Amidst the massive fire ruins, Rohingya refugees search for their belongings at Cox's Bazar, Bangladesh Photo Credits: Yousuf Tushar / LightRocket via Getty Images

The Plight of Rohingya Refugees in Bangladesh, Cox’s Bazar

On March 24, 2021, a massive fire broke ablaze at the Rohingya Refugee camp, in Bangladesh, Cox’s Bazar confirming 15 dead and displacing an estimated 45,000 refugees.

According to the Bangladesh’s Disaster Management and Relief Secretary, Mohammad Mohsin, “ confirmed deaths, 40,000 huts have been burned down.” Reuters also reports that, “Louise Donovan, a spokesperson for the U.N. High Commissioner for Refugees, said that at least 400 people were still missing since the fire, and that some 560 had been injured in the blaze. She said an estimated 45,000 people had been displaced.

Country Overview

  • Population: 165 Million
  • Development Context: Hosts largest refugee camp in the world, millions of people living below the national poverty line, hidden urbanization, lack of access to safe drinking water & proper sanitation in rural communities and ensuring women to participate into mainstream economy.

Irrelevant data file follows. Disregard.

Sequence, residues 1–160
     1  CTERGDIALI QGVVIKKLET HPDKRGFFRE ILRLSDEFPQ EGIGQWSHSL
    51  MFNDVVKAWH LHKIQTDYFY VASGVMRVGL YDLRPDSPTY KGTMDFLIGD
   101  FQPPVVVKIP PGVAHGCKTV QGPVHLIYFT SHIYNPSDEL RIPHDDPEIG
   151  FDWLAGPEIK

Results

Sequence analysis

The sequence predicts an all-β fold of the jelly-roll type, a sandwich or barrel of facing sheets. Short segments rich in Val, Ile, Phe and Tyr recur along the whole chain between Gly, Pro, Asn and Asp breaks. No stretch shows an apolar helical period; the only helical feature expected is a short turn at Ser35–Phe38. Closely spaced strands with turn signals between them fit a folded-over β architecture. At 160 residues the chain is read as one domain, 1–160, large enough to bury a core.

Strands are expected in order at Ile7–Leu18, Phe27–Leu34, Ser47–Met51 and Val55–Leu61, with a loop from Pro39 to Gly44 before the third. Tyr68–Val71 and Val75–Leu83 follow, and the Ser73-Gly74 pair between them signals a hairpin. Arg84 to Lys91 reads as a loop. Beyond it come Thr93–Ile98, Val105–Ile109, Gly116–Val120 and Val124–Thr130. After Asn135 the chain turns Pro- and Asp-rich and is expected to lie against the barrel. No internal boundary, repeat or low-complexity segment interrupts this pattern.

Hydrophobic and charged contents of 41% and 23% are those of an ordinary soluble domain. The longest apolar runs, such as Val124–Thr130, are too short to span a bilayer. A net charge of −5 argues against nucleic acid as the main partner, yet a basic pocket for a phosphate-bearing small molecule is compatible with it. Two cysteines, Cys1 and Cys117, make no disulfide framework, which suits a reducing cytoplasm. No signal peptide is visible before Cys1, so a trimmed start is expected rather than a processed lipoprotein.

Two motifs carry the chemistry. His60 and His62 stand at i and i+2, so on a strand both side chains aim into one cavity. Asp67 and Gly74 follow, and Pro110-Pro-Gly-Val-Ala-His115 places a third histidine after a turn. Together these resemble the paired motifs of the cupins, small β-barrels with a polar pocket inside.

• Current Issues: Covid-19 pandemic, unemployment, income inequality, hunger, unsafe water supply, poor sanitation, gender disparity, and Rohingya crisis.

UMR's Working Sustainable Development Goals for Rohingya Refugees, Bangladesh, Cox's Bazar

We work to solve, combat, and eradicate the following UN goals, specifically in the camps of Rohingya Refugees: 

  • SDG GOAL # 1  – No Poverty
  • SDG GOAL # 2 – Zero Hunger
  • SDG GOAL #3 – Good Health & Well-being 
  • SDG GOAL #6 – Clean Water and Sanitation 
To learn more in-depth about the UN’s SDG Goals, please read further here

Photo Credits: Shafiqur Rahmany

What is the current situation at Rohingya Refugee Camps, in Bangladesh, Cox's Bazar?